• The management of time and waiting by unaccompanied asylum-seeking girls in Finland

      Kohli, Ravi K.S.; Kaukko, Mervi (Oxford University Press, 2017-12-07)
      This article considers how asylum-seeking girls in residential care in Finland construct their everyday lives while waiting for asylum outcomes. These girls, from various African countries, are shown to experience waiting as both debilitating and productive. First, our findings confirm the established picture of asylum-seeking young people being in limbo, unable to influence the resolution of their claims. Second, we explore more hopeful ways in which they wait. We emphasize the complex responses and relationships they build in waiting times with each other and their carers. We suggest that waiting is not just ‘dead’ time, but is also lively in periods of uncertainty.
    • Managing and normalising emotions and behaviour: a conversation analytic study of ADHD coaching

      Bradley, Louise; Butler, Carly W. (Palgrave, 2015-11-20)
      Attention Deficit Hyperactivity Disorder (ADHD) is the most commonly diagnosed disorder in childhood with worldwide prevalence estimated around 5% (Polanczyk, de Lima, Horta, Biederman, & Rohde, 2007). Those that are given a diagnosis of ADHD often present with emotional and social difficulties, including poor emotional regulation and a greater excessive emotional expression, especially for anger and aggression (Wehmeier, Schacht, & Barkley, 2010). Such difficulties impact on self-esteem and self-concept, although this impact has rarely been addressed in research (Ryan & McDougall, 2009; Wehmeier et al., 2010). Instead, research has focused on assessment, diagnosis, and treatment (Barkley, 2006), or behaviour management for parents or carers to reduce and manage undesirable behaviour (Gavita & Joyce, 2008).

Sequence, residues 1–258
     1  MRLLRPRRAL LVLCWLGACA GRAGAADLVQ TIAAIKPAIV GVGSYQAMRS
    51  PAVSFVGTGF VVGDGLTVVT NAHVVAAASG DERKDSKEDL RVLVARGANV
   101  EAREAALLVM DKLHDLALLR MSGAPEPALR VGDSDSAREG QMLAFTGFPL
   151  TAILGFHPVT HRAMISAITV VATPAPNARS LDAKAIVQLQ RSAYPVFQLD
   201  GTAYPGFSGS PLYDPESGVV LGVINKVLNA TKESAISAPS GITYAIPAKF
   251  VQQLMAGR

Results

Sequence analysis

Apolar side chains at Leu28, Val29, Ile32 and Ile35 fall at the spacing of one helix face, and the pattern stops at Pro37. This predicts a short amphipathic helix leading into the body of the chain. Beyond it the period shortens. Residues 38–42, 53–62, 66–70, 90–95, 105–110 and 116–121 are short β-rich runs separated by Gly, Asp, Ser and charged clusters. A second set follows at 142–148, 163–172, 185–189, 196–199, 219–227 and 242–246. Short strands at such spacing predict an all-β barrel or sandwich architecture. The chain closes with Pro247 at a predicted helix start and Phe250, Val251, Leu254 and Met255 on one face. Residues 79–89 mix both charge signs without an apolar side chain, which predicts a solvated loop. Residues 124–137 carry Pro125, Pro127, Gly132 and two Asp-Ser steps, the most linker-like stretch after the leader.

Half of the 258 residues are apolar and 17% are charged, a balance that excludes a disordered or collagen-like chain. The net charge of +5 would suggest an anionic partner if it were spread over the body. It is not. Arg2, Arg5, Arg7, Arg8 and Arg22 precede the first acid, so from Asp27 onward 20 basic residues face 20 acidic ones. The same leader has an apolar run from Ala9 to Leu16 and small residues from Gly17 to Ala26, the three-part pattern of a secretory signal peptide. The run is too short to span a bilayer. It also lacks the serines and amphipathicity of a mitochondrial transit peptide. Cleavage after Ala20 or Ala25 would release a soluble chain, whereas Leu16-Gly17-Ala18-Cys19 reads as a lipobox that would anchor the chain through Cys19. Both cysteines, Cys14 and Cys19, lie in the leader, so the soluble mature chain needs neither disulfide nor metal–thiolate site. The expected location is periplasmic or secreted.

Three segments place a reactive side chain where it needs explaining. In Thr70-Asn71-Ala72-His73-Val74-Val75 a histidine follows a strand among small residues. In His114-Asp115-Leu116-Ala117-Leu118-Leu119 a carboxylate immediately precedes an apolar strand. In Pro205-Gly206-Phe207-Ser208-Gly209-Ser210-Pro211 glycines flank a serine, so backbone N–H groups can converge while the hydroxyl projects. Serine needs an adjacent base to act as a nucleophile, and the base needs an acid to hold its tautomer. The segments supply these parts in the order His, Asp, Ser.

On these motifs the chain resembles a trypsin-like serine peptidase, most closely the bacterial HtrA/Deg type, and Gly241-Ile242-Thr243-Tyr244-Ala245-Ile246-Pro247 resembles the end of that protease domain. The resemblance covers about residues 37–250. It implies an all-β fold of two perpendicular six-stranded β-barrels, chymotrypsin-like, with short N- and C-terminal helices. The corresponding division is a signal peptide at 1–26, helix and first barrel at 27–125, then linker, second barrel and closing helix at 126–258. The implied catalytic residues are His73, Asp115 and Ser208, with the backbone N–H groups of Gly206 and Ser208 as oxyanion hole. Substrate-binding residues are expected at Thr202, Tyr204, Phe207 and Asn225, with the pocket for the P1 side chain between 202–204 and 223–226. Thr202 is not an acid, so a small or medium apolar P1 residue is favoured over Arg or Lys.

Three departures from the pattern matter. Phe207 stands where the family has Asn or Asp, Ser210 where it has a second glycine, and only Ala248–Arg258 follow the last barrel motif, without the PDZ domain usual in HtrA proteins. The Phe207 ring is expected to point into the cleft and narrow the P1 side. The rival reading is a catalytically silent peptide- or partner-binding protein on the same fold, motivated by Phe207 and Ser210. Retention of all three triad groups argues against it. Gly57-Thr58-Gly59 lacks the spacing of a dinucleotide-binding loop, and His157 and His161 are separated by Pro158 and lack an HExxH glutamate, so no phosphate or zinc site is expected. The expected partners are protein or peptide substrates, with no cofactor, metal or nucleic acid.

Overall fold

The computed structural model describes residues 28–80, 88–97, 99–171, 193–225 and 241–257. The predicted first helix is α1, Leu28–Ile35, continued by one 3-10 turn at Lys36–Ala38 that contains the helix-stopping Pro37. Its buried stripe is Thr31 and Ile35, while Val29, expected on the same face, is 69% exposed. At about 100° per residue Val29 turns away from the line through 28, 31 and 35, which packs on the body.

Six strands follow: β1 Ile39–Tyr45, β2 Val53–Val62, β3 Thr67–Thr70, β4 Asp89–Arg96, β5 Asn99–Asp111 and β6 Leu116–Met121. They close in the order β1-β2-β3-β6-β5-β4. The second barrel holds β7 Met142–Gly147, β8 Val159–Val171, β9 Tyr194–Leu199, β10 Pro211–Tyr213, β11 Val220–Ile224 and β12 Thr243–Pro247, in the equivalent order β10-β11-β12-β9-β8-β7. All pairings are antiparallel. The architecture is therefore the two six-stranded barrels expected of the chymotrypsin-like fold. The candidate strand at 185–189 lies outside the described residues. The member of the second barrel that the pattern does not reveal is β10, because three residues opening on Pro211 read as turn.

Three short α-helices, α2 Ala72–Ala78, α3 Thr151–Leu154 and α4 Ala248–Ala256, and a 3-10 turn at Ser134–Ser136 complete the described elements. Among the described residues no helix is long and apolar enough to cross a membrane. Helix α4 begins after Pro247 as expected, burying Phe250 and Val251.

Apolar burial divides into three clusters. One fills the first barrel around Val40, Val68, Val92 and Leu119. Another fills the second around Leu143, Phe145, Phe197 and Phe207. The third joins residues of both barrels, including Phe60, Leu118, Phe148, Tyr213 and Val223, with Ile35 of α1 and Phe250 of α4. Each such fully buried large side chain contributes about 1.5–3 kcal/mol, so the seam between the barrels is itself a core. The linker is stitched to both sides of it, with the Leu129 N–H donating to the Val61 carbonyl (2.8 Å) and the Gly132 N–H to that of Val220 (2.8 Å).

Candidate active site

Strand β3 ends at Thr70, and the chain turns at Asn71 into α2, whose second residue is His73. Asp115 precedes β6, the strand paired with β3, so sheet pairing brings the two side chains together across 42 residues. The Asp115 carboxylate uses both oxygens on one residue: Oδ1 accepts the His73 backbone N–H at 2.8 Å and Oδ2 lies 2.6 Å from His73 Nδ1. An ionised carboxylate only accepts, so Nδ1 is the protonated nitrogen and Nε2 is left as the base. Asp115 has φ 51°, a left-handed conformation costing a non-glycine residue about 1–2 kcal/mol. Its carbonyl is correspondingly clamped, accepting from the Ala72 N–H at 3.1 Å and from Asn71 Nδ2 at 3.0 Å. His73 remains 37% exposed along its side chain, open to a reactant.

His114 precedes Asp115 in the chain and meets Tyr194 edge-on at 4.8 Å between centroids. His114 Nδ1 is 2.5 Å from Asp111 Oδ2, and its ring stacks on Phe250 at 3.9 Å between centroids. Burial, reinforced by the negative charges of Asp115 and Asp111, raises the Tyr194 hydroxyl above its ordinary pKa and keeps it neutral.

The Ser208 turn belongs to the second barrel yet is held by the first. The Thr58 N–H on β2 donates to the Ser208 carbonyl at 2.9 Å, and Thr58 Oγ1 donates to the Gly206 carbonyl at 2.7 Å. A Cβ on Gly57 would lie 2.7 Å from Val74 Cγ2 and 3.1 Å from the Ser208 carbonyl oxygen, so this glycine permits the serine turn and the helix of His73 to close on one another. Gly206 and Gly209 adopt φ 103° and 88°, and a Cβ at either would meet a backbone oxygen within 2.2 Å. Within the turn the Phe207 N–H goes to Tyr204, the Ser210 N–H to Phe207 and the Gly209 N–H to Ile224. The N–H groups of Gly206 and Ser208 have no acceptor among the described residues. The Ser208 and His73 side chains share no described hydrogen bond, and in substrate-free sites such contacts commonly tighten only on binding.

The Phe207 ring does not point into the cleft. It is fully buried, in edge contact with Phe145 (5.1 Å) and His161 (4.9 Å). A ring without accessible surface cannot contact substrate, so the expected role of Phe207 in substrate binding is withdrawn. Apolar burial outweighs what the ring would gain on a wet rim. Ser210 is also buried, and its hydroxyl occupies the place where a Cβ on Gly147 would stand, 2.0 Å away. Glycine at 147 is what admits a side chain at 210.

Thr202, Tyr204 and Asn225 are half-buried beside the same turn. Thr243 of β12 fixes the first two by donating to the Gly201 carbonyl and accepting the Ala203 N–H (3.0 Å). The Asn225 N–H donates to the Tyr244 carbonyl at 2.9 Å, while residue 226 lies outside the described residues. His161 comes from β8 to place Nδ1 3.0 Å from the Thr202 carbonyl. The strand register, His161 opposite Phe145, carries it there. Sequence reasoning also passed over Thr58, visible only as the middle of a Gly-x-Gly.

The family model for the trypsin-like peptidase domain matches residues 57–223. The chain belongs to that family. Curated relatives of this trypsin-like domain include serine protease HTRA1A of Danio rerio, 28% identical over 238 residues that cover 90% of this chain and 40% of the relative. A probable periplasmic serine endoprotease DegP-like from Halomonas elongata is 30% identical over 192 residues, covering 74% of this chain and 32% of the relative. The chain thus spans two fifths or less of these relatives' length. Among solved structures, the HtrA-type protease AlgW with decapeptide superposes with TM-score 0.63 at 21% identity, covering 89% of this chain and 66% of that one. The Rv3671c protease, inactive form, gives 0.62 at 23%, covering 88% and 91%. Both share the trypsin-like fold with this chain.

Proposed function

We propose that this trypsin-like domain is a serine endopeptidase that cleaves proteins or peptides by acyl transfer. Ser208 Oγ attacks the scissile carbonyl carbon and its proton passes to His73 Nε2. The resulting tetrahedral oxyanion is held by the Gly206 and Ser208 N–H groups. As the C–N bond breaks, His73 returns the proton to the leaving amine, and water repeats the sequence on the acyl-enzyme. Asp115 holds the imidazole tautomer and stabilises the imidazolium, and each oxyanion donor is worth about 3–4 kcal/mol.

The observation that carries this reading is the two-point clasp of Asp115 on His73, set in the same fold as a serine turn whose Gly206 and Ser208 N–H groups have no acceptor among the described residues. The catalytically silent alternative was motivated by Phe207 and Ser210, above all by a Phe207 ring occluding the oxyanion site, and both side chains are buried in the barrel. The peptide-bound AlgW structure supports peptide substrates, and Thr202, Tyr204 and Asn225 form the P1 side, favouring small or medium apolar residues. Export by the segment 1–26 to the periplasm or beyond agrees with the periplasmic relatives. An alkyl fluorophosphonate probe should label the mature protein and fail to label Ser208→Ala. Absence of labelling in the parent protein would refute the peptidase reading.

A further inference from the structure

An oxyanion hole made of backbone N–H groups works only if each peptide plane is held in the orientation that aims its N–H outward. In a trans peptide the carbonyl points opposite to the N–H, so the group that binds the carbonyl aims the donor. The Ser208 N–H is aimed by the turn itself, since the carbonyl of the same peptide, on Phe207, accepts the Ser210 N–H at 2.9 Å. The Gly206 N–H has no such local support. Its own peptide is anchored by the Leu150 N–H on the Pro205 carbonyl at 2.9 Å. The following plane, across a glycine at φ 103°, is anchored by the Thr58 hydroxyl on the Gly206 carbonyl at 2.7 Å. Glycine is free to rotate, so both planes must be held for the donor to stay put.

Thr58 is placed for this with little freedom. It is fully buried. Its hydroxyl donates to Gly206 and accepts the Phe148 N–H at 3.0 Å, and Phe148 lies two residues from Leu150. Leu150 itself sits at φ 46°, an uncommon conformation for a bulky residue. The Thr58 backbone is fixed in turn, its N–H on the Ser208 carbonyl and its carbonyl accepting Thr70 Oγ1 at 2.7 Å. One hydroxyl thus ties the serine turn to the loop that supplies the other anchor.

• Mapping therapeutic services for sexual abuse in the UK in 2015

      Allnock, Debra; Sneddon, Helga; Ackerley, Elizabeth; University of Bedfordshire; NSPCC (University of Bedfordshire, 2015-01-01)
      The International Centre: Researching Child Sexual Exploitation, Trafficking and Violence at the University of Bedfordshire was commissioned by the National Society for the Prevention of Cruelty to Children (NSPCC) to undertake a mapping exercise – across England, Wales, Scotland and Northern Ireland - of therapeutic services for children and young people who have experienced any form of child sexual abuse (CSA), including child sexual exploitation (CSE). This mapping exercise was intended to be an update, and facilitate a comparative analysis with the 2007 audit. However, different samples and the more limited nature of the exercise means that it is inadvisable to make direct comparisons. However, the current mapping exercise has revealed new insights about a broader range of services than were included in the previous 2007 audit. The current mapping exercise consisted of: 1) identification of generalist and specialist services in the four nations providing therapeutic support for any form of child sexual abuse, including child sexual exploitation (n=750); 2) an online questionnaire distributed to all identified services; 3) a small number of follow-up telephone interviews with service providers and 4) a small number of telephone interviews with service commissioners. A total of 130 respondents provided data in the questionnaire on 149 services, giving a service response rate of 20%.
    • Masculinity without conflict: noblemen in eighth- and ninth-Century Francia

      Stone, Rachel; Arnold, John H.; Brady, Sean; University of Bedfordshire; Birkbeck College (Palgrave Macmillan, 2011-01-01)
    • Meaning in hoarding: perspectives of people who hoard on clutter, culture and agency